In anticipation of Remembrance Day on November 11th, I’d like to recommend this book, When the World Was Ours by Liz Kessler. (Some of you might know the author from her Tales of Emily Windsnap series). This is a story which highlights the innocent victims of war and it’s a powerful and unsettling read.
The story is set in Vienna, Austria in 1936. It follows the lives of three friends, Leo, Max and Elsa. They spend a perfect day together, unaware of the growing darkness that will soon befall Europe and will lead to the friendship group being torn apart. Their families will leave Austrian and head to Germany, England, Czechoslovakia and Poland.
The book is partially inspired by a true story. In fact, it’s the story of the author’s father and how he came to England with his mother to escape Nazi persecution. One morning, as a child, he woke to find his father had disappeared, leaving only a message to beg that he and his mother leave Austria as soon as possible. The only way they could think this was possible was by contacting an English family who they had met by chance, one day, years earlier and shown them the sites of Vienna. The family had sent them a thank you card including a return address, when they got home to England, and this offered them a tiny glimmer of hope. They wrote to the English family who agreed to sponsor their journey so that they could make a new, safer life for themselves.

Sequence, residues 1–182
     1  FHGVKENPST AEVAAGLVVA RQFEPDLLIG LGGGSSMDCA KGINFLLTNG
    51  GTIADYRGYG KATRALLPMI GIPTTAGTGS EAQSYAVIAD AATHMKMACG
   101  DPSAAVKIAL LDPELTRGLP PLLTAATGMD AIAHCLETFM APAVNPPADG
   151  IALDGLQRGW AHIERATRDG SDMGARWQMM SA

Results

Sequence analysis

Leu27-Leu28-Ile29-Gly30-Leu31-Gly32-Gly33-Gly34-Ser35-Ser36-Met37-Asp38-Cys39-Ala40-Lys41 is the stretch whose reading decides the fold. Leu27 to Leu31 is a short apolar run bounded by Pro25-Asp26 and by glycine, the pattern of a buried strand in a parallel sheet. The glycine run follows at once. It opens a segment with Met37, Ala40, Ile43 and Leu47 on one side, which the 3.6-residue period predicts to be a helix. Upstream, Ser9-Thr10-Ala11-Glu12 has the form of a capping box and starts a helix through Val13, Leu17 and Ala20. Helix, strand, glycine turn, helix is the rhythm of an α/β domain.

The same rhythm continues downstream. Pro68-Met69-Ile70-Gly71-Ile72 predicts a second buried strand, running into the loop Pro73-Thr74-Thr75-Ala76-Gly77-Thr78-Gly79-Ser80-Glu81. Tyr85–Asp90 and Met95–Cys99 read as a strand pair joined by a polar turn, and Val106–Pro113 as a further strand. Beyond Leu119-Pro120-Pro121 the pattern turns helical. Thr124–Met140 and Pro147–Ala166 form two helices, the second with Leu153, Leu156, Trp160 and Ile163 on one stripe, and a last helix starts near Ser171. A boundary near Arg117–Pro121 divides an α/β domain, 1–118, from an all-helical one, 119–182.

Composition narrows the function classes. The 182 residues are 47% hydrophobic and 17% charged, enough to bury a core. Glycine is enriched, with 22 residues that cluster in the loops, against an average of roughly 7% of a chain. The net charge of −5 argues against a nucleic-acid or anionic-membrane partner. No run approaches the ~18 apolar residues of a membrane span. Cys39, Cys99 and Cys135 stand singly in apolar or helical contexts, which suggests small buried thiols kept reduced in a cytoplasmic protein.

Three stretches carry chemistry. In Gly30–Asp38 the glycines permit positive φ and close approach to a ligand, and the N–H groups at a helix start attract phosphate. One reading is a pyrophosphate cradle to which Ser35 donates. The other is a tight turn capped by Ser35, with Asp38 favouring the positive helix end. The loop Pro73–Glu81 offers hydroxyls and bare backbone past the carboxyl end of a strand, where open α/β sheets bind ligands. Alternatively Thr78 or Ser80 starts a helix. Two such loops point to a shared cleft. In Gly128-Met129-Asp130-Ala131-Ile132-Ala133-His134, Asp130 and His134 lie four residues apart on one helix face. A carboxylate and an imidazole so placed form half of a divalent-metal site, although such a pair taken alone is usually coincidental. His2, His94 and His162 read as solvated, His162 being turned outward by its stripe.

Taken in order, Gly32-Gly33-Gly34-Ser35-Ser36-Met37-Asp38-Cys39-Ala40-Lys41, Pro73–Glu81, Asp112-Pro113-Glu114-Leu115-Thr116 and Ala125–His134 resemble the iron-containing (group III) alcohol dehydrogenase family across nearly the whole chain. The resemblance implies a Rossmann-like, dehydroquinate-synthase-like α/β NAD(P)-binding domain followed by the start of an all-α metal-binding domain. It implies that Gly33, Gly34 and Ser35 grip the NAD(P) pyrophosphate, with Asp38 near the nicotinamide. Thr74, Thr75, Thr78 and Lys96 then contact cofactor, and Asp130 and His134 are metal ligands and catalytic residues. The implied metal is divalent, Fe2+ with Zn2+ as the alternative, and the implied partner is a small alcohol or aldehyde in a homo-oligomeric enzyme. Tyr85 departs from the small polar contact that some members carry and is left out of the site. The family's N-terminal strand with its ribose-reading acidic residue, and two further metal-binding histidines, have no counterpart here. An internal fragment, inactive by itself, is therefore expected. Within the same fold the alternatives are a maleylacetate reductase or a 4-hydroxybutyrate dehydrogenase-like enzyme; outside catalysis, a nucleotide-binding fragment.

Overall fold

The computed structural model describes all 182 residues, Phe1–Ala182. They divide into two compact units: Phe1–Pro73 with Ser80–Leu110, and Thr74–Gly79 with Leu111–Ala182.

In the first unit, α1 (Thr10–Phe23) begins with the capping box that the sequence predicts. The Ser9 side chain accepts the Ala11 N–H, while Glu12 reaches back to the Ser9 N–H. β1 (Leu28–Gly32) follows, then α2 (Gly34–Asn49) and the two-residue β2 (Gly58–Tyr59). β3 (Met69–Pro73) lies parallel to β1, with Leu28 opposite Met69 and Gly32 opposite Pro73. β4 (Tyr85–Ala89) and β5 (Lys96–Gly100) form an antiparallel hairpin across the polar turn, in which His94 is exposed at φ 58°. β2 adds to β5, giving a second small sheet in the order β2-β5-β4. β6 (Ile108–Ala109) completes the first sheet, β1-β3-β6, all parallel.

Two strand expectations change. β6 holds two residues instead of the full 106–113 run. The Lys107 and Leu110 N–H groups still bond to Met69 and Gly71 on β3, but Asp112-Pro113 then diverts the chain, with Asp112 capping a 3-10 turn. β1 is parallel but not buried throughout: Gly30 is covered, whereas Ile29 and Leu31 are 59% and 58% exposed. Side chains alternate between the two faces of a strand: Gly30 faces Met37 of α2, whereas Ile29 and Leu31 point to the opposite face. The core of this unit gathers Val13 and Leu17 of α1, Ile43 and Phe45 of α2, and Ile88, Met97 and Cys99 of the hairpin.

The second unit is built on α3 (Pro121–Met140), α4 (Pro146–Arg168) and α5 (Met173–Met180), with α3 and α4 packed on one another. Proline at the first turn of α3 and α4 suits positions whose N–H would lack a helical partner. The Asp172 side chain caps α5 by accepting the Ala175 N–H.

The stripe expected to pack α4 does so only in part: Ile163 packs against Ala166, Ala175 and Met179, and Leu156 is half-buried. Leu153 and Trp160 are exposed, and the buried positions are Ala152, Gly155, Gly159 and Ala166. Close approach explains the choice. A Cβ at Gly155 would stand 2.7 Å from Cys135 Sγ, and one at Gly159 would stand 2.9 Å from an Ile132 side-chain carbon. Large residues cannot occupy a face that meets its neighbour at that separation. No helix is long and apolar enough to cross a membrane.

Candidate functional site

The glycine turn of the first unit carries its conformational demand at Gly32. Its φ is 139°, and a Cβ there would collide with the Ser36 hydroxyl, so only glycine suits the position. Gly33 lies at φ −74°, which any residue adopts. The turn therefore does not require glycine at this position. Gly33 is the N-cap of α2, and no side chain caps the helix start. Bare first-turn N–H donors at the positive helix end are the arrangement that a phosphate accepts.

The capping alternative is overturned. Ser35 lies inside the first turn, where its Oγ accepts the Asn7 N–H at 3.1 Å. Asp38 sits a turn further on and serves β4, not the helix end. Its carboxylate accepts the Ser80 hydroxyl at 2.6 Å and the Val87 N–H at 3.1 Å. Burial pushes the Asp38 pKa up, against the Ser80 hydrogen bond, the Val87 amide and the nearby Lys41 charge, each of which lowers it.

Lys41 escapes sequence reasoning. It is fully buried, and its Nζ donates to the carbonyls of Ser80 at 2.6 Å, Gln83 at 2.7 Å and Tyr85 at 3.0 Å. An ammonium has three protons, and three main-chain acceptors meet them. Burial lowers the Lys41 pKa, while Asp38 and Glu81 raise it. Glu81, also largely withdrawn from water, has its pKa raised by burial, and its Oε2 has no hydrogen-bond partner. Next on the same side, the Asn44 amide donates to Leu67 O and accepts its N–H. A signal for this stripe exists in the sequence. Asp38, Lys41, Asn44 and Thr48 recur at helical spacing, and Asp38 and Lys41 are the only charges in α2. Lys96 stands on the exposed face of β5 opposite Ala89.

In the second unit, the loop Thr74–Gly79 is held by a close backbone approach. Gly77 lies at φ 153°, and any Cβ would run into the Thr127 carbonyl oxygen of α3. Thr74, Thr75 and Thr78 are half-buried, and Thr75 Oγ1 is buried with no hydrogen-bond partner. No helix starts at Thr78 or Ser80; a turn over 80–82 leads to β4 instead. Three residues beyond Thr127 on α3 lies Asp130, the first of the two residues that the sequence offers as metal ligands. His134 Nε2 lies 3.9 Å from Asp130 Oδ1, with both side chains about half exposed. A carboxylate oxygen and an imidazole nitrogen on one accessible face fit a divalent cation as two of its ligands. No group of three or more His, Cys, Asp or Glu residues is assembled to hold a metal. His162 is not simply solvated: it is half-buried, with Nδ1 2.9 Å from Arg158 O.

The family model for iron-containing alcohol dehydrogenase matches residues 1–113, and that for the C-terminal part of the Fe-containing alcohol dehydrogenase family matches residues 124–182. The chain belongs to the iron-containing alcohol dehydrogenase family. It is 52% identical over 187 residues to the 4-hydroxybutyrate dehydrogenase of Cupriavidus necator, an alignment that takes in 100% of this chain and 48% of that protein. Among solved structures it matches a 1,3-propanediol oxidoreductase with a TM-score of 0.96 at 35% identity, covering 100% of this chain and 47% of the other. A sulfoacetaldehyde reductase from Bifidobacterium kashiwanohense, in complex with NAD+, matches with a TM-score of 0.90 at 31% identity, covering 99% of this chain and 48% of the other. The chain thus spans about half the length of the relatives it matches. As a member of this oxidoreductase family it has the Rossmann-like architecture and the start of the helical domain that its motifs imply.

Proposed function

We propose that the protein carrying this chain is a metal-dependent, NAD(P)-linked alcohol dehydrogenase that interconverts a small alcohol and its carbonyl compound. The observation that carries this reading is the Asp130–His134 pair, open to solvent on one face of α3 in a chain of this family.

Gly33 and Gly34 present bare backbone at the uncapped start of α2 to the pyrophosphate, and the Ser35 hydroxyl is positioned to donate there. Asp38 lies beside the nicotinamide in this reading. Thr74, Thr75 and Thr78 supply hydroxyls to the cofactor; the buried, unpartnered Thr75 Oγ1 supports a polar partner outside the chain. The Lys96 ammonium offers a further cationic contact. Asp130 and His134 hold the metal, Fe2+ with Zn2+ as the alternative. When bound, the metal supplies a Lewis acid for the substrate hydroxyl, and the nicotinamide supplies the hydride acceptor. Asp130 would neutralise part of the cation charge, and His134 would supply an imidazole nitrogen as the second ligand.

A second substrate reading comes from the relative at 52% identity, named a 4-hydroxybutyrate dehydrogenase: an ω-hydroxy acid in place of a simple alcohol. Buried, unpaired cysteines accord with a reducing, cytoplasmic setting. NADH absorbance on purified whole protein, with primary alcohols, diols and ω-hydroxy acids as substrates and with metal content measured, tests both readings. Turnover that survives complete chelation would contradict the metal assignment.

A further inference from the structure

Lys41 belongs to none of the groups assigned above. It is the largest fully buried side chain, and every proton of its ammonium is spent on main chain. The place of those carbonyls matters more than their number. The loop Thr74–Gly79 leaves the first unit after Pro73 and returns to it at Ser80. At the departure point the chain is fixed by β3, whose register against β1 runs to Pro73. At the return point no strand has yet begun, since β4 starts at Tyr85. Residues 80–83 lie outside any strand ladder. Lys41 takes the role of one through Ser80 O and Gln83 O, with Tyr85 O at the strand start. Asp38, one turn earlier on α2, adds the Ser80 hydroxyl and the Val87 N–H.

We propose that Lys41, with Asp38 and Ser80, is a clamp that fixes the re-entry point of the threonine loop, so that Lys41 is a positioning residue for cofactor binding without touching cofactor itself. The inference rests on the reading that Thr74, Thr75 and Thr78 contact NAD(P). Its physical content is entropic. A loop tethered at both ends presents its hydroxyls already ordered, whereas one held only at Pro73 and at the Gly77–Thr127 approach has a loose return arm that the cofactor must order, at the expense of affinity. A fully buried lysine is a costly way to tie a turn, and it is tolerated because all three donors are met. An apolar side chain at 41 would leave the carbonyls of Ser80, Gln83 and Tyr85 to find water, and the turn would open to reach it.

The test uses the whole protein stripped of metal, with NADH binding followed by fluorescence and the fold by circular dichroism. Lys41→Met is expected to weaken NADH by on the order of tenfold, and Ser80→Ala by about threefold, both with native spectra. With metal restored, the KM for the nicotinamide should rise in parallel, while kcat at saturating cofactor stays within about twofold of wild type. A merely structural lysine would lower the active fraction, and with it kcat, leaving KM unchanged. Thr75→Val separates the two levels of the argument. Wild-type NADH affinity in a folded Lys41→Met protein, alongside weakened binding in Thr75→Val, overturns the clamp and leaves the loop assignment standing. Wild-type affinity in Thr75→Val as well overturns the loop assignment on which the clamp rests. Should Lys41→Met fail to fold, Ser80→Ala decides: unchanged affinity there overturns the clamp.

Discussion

After reading this book, this Remembrance Day, during the two minutes reflective silence, I will be thinking about the innocent victims of war, the children who are affected by war and giving thanks to those, past and present, who have enabled others to start new lives, away from danger, in Britain.
For readers of all ages.